Minor complaints aside, the visuals do a very good job at portraying the original Gundam universe. The screen never seems too overloaded with visual information, which is good, and allows viewers to follow along with the pace of what exactly is going on. In contrast to the gritty metallic confusion of scenes that makes up the Transformers movie franchise, you can always tell what’s going on with these mobile suits. While it still retains the visual style of an anime that may seem far too old for this day and age, it still stacks up as a reminder of a series’ more humble beginnings.
Although both DVD re-releases of the anime have made efforts to retain elements of the original series, I feel that the audio applied to the show could have undergone some changes. Namely some of the musical scores. Even after the entire series, I still can’t get used to hearing that original Gundam Theme Song. It seems far too upbeat for a series that is centred around the concept of war and loss. While the sound effects are well appropriated and in fact very unique (such as the ‘Newtype-sense’ riff) much of the soundtrack just sounds decrepit. However, it still performs it’s function well enough to invoke the intended emotional response from the viewers. As mentioned before, the most epic battle music is reserved for clashes between Char and Amuro. As long as a series is able to establish that sort of subtle connection, it will retain its viewer base.
Like the previous collection, I have to reinstate that the character voice acting in the second series collection is a massive mixed bag. While some characters have awesome voice-work to compliment them, (such as Char, Sayla and Bright Noa), other characters, particularly amongst the main cast have had their English translations made long-winded and unnecessary. The voice of the main character Amuro, as done by Gundam veteran Brad Swaille, is decent enough, but characters like Kai Shiden I want to gaffer-tape their mouths shut. However, the voice actors can’t really be at fault for the translations. Meaning and context unfortunately can’t be perfectly carried over language barriers. It is by no means a series breaking issue, though it does get a little irritating to listen to over and over again. Let’s just say I get very disappointed when certain characters have the potential to die but ultimately don’t.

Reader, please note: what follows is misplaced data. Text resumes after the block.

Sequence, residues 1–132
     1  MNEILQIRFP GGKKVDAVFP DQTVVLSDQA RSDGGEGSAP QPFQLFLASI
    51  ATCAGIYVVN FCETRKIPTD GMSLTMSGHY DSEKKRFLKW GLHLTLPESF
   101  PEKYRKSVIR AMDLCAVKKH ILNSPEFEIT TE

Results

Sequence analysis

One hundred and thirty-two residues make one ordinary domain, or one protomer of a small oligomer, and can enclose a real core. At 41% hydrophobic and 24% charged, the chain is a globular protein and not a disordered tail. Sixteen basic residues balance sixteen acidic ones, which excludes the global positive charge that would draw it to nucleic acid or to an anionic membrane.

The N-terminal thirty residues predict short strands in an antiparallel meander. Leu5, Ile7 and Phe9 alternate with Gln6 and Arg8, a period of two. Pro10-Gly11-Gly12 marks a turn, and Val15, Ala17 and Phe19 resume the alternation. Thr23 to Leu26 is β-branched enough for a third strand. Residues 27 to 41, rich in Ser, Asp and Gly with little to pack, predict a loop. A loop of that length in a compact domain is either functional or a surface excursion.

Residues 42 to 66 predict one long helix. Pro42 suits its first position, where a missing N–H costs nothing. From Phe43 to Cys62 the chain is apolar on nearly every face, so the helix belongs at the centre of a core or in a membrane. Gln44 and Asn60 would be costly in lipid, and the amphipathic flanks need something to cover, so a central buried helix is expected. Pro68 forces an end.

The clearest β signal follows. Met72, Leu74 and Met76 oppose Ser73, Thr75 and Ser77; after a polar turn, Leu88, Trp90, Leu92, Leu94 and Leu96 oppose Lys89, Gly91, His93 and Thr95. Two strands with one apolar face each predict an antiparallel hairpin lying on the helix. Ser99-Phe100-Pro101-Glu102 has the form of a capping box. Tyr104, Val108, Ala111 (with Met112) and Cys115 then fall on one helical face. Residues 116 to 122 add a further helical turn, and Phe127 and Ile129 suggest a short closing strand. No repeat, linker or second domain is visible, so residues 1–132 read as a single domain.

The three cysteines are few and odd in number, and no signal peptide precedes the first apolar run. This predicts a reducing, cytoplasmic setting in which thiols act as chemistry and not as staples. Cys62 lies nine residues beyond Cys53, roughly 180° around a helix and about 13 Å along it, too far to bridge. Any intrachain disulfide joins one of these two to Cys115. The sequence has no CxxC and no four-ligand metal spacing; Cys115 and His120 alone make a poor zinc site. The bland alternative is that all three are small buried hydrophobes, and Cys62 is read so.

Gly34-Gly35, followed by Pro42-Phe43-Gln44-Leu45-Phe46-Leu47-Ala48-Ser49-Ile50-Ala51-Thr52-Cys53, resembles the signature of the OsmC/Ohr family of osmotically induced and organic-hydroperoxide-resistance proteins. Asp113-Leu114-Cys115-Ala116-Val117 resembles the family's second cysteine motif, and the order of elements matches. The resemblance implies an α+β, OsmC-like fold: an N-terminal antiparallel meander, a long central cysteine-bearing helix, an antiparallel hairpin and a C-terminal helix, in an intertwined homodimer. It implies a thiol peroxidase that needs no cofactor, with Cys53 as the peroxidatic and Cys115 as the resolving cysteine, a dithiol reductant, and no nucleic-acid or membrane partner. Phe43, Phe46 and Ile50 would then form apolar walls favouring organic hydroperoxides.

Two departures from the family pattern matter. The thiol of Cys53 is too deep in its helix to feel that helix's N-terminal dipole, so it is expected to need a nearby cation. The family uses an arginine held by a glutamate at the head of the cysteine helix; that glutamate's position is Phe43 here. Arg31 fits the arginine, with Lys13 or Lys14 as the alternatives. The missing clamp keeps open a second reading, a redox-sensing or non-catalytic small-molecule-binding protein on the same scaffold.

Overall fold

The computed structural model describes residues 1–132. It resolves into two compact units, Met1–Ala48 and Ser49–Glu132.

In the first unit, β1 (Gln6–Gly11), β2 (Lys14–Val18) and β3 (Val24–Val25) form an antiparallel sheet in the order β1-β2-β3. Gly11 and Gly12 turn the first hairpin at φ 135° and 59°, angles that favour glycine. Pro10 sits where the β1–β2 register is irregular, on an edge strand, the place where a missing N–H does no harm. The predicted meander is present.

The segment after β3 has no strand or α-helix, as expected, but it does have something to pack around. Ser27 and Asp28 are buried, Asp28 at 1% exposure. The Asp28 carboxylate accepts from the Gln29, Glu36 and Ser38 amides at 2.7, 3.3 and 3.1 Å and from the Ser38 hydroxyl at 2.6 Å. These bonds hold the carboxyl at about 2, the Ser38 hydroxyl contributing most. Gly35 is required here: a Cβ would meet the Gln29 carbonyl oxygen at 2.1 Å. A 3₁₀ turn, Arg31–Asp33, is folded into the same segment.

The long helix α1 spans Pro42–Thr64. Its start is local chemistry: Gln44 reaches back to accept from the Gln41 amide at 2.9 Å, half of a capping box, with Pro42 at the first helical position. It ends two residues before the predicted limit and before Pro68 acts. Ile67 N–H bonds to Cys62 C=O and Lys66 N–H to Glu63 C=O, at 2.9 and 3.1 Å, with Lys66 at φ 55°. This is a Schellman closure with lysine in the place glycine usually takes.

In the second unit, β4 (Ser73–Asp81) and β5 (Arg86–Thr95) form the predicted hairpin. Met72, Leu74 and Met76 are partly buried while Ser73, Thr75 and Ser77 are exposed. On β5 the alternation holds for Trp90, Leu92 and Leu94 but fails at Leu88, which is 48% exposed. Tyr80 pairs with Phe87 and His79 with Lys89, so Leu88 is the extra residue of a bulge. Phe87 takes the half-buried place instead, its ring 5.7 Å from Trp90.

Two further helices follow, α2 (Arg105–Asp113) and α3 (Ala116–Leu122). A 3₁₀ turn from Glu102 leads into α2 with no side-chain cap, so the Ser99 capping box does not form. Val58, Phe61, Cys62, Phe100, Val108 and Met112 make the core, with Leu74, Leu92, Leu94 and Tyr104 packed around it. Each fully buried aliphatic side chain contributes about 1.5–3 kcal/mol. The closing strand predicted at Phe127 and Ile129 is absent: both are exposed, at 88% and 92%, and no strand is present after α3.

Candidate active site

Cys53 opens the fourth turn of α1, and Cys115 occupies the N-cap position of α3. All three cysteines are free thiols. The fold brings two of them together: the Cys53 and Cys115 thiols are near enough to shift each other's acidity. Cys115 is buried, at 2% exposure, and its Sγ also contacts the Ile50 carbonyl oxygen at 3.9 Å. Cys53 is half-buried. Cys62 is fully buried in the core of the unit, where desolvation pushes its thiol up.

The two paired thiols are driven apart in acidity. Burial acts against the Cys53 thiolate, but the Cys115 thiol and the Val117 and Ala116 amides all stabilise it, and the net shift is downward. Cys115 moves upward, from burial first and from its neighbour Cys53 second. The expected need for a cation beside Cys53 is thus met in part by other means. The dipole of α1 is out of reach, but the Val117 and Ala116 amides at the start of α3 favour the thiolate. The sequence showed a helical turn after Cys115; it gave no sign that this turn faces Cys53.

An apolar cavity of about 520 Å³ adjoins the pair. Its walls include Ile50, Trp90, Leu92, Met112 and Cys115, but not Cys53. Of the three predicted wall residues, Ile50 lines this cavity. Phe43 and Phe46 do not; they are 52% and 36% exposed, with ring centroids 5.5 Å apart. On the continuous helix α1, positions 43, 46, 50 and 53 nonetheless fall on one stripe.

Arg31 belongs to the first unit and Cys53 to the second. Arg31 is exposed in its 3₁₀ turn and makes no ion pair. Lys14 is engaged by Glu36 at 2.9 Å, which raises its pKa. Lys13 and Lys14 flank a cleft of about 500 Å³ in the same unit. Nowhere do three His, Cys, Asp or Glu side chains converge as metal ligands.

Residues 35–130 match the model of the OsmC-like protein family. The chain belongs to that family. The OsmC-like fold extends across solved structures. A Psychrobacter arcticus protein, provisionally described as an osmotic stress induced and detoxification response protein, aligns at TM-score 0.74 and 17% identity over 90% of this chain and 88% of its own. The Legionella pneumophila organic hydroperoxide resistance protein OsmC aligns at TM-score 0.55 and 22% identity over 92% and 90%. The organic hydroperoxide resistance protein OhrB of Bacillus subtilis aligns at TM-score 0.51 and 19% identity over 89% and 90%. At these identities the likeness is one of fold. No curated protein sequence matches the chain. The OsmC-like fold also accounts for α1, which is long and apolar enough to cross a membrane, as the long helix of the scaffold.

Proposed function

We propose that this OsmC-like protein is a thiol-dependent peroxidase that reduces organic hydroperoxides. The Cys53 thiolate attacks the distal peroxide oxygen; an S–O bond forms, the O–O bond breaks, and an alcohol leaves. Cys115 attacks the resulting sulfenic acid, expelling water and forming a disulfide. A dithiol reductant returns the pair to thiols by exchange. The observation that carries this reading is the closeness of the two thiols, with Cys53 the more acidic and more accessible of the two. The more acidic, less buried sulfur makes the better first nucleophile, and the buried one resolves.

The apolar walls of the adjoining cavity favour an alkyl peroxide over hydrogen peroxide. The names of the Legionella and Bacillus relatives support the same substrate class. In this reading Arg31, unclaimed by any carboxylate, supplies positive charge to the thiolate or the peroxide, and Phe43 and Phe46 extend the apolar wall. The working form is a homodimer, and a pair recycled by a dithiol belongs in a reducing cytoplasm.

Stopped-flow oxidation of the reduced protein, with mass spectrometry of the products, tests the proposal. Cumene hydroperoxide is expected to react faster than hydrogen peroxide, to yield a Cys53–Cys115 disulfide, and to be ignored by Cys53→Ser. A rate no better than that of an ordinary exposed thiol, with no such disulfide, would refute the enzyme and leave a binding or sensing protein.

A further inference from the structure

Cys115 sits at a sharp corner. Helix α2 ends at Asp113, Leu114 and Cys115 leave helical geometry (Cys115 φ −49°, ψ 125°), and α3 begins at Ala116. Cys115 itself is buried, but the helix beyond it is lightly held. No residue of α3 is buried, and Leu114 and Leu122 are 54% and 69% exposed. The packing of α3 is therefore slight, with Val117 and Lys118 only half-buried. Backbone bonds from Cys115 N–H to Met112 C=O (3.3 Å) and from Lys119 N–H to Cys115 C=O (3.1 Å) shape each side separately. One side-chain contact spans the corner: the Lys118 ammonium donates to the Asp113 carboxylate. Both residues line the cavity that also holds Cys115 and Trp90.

Like many Madman published anime DVD’s, Mobile Suit Gundam Collection 2 comes with the option to watch the show in the original Japanese dub, and in English. This is an interesting feature for anyone who wants to either watch the show as it was intended and created, or for anyone that just got plain sick of some of the English voice acting, especially by the support cast. Like the last collection, the 4th disc also contains a trailers section that advertises 5 OTHER Gundam series and a few other pieces of anime.
While I feel that the story flowed at a much nicer pace in the second collection, I feel that the overall appeal of the series was lost slightly over the time between the 2 collection releases. The main problem is the sudden change in pacing. It felt as though the story took too long to get started with the real conflicts that appeared later in the series. Conversely, when it finally did reach the climatic battles close to the end, the conclusions felt too fast, as though the ending few episodes were rushed. This was also unfortunately complimented by some very mixed VA work. Again, this is reflective of the time in which the original anime was released. Don’t get me wrong, the series still stacks up quite well, but perhaps not as well as it did in 1979. But, as every person has an ancestor, and the greatest tree needs a seed to grow, the original Mobile Suit Gundam series provided the necessary groundwork for the mech genre and Gundam franchise to grow and evolve into the anime cultural icon it is today.